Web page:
Portal:Catholicism

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Introduction

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The Catholic Church, also known as the Roman Catholic Church, is the largest Christian church, with approximately 1.3 billion baptised Catholics worldwide . As the world's "oldest continuously functioning international institution", it has played a prominent role in the history and development of Western civilisation. The church is headed by the Bishop of Rome, known as the Pope. Its central administration, the Holy See, is in the Vatican City, an enclave within the city of Rome in Italy.

Catholic theology is based on the Nicene Creed. The Catholic Church teaches that it is the One, Holy, Catholic and Apostolic church founded by Jesus Christ, that its bishops are the successors of Christ's apostles, and that the pope is the successor to Saint Peter upon whom primacy was conferred by Jesus Christ. It maintains that it practises the original Christian faith, reserving infallibility, passed down by sacred tradition. The Latin Church, the twenty-three Eastern Catholic Churches, and institutes such as mendicant orders and enclosed monastic orders reflect a variety of theological and spiritual emphases in the church.

Of its seven sacraments the Eucharist is the principal one, celebrated liturgically in the Mass. The church teaches that through consecration by a priest the sacrificial bread and wine become the body and blood of Christ. The Virgin Mary is venerated in the Catholic Church as Mother of God and Queen of Heaven, honoured in dogmas and devotions. Its teaching includes sanctification through faith and evangelisation of the Gospel as well as Catholic social teaching, which emphasises voluntary support for the sick, the poor, and the afflicted through the corporal and spiritual works of mercy. The Catholic Church is the largest non-government provider of education and health care in the world.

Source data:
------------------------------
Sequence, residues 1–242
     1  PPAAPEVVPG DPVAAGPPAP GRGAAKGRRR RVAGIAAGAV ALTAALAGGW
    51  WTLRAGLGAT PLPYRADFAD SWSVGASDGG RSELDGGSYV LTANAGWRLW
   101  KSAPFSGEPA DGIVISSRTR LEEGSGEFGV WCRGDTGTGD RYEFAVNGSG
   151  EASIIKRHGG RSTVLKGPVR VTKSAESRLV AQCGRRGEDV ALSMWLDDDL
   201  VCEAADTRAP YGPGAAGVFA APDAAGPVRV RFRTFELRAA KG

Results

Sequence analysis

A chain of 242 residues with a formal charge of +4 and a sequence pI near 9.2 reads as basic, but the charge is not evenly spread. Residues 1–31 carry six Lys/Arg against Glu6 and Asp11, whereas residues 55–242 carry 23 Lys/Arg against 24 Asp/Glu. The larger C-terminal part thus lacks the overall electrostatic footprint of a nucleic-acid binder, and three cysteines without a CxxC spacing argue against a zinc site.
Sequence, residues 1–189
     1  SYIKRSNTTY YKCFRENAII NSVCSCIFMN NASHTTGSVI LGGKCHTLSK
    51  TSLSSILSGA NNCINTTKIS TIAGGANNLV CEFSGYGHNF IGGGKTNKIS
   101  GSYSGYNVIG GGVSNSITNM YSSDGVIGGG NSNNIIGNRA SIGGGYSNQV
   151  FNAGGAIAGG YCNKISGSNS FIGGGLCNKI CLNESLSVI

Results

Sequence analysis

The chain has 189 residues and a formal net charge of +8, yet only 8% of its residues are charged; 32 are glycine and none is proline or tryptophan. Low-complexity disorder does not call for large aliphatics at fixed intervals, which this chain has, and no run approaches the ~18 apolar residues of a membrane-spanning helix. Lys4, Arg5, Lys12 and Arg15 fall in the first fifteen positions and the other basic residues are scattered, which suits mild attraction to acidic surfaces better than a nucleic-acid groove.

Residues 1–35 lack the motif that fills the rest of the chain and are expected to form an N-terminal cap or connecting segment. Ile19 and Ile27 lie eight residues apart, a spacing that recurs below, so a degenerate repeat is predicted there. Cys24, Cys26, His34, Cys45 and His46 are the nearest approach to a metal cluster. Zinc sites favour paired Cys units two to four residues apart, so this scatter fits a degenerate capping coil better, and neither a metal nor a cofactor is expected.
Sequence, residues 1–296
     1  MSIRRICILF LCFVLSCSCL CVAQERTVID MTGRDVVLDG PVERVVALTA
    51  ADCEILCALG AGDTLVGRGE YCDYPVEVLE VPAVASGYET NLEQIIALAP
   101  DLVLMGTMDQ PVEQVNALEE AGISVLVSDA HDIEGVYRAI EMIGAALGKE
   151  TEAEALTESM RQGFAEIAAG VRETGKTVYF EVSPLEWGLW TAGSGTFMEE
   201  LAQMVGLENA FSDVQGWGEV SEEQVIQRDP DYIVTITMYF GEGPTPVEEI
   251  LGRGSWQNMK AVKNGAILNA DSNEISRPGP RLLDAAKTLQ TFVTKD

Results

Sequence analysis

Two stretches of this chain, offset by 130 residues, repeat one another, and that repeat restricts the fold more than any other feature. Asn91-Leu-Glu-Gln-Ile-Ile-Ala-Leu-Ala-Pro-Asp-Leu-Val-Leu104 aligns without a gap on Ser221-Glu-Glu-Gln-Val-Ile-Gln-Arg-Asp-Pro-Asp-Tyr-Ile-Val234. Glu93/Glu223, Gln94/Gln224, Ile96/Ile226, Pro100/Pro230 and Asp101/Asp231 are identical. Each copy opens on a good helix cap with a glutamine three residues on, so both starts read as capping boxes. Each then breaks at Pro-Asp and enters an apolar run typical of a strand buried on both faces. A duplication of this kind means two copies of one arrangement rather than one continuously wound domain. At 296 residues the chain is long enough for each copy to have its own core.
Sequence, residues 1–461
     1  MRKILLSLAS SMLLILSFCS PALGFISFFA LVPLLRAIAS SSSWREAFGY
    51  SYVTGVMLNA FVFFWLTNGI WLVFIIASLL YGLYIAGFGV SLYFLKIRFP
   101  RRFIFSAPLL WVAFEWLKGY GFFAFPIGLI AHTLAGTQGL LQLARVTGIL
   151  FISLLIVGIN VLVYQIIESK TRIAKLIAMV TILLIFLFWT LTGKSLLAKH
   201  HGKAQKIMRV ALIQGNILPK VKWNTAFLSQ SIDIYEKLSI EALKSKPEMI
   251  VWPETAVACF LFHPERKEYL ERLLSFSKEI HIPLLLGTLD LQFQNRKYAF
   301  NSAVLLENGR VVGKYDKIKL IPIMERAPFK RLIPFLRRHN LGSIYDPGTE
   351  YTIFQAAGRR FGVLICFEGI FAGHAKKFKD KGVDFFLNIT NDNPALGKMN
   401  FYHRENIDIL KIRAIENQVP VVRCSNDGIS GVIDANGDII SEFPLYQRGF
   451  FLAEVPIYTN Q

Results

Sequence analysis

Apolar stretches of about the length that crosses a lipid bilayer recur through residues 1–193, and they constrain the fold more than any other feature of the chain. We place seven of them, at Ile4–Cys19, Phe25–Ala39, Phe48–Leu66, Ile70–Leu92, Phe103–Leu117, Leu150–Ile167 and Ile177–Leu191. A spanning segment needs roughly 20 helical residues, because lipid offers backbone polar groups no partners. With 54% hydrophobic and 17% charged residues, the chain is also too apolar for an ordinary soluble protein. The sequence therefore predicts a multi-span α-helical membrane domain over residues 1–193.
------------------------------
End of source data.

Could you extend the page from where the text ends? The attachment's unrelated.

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The Introit Gaudeamus omnes, scripted in square notation in the 14th—15th century Graduale Aboense, honors Henry, patron saint of Finland.

Gregorian chant is the central tradition of Western plainchant, a form of monophonic, unaccompanied sacred song of the western Christian Church. Although it had mostly fallen into disuse after the 1600s, it experienced a revival in the 19th Century in the Roman Catholic Church and the Anglo-Catholic wing of the Anglican Communion. Gregorian chant was organized, codified, and notated mainly in the Frankish lands of western and central Europe during the 9th and 10th centuries, with later additions and redactions, but the texts and many of the melodies have antecedents going back several centuries earlier. Although popular legend credits Pope Gregory the Great with inventing Gregorian chant, scholars believe that the chant bearing his name arose from a later Carolingian synthesis of Roman and Gallican chant.Gregorian chants are organized into eight scalar modes.
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Credit: Raffaello Sanzio

The School of Athens or "Scuola di Atene" in Italian is one of the most famous paintings by the Italian Renaissance artist Raphael. It was painted between 1509 and 1510 as a part of Raphael's commission to decorate with frescoes the rooms that are now known as the Stanze di Raffaello, in the Apostolic Palace in the Vatican.